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Submission Summary: 0 pending, 118 declined, 35 accepted (153 total, 22.88% accepted)

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Submission + - Microsoft to only offer updates in bundles for Windows 7, 8.1 and Server (

whoever57 writes: Starting in October, Windows 7, 8.1 and Windows Server (up to 2012 R22) users will receive updates in the form of cumulative updates. It will no longer be possible to select from a list of security-related updates: instead, users will be presented with an all or nothing option.
The only option will be a choice between all updates (security and non-security updates) or security updates only.

Submission + - The ISDS chickens come home to roost. (

whoever57 writes: TransCanada Corp (the company behind the rejected Keystone XL pipeline) has initiated arbitration proceedings under the NAFTA treaty against the USA, demanding $15B in damages. Negotiations have been taking place since January but have not resulted in an agreement. Now TransCanada has formally filed for arbitration under NAFTA.

TransCanada is also in court, seeking to reverse the decision to reject the pipeline.

Submission + - Major security action caused by exercise blunder (

whoever57 writes: A UK Premier League football match (Manchester United vs. Bournmouth) was called off, 76,000 people were evacuated from the stadium and a "controlled explosion" carried out because of a "suspicious device". What was the device? A fake bomb that had been left behind by a security exercise. The exercise involved an external company and sniffer dogs.
This incident also raises the question of how the pre-game security sweep did not find the device.

Submission + - Someone needs to tell these judges about ( 1

whoever57 writes: In the UK, a celebrity couple were able to convince the Appeals Court to grant an injunction about the fact that the couple took part in a threesome. The injunction only covers England and Wales, so a Scottish newspaper named the couple. Obviously, the injunction doesn't extend outside the rest of the UK, so the couple have been named in US publications. The UK newspapers have take the issue to the UK's Supreme Court, where one judge made the incredible remark: "Hard copy newspapers in some respect may be regarded as causing less harm than the internet which is, subject to deletions, technically permanent." Someone needs to show this judge the Wayback Machine, and explain how deleting information off the Internet is not possible. They should also show the judge how history is preserved on Wikipedia.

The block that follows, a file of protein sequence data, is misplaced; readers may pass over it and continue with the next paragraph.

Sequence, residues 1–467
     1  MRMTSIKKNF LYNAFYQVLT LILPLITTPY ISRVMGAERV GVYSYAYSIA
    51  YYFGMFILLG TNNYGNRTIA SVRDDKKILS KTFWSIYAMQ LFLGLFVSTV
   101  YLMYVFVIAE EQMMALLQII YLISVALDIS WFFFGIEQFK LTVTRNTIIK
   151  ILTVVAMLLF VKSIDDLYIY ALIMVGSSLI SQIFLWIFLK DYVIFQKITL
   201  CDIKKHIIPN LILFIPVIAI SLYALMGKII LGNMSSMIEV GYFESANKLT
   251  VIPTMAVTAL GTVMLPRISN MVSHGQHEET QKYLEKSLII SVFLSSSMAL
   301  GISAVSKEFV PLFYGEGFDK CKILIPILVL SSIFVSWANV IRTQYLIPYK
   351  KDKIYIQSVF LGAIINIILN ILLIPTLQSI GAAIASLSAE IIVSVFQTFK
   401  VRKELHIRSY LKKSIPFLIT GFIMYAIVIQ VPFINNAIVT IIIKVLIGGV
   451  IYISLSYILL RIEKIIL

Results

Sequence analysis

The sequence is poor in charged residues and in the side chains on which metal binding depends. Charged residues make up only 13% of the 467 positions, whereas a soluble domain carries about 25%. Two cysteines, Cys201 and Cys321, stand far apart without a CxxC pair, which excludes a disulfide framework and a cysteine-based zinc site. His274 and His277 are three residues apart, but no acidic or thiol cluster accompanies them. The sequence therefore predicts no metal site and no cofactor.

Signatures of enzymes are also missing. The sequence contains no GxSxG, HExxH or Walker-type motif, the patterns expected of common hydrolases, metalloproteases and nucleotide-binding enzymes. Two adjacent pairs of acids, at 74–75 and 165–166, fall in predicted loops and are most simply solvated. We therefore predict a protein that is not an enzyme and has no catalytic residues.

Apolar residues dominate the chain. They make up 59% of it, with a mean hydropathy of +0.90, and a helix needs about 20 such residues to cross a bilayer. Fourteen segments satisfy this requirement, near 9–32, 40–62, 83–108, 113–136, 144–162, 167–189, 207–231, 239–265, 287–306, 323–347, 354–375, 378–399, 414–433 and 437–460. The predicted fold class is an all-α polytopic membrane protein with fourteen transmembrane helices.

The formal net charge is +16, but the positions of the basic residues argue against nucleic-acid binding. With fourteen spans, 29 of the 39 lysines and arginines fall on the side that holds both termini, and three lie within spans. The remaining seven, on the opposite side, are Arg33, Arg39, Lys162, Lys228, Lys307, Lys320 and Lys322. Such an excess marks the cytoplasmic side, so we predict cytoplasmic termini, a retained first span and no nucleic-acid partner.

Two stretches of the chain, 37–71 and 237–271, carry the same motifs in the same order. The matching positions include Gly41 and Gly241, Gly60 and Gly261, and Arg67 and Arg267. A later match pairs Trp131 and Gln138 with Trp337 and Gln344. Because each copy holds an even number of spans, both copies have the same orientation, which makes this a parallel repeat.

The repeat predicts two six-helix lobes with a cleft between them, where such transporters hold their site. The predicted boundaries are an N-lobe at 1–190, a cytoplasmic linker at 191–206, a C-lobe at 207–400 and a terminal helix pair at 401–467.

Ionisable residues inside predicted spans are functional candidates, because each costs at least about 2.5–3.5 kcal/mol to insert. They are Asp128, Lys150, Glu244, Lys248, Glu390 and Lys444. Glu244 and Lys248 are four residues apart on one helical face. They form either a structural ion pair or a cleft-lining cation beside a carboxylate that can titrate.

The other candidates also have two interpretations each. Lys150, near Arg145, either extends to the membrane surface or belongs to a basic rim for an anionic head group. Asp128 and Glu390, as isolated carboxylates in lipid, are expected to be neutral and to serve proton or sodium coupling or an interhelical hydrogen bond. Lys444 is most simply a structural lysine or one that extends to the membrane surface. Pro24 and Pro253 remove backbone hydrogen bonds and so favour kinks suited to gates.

Submission + - Ad technology company claims ad blockers are "breaking the Internet" (

whoever57 writes: London, UK based ad technology company Oriel has published a claim that ad blockers break web applications in ways other than merely not displaying ads. They show examples such as airline sites that will not allow check-in because of the effects of an ad blocker. The original report is here. The CEO of Oriel is quoted saying that he discovered this accidentally when attempting to check into a flight, which raises the question: why would the CEO of an ad technology company use an ad blocker?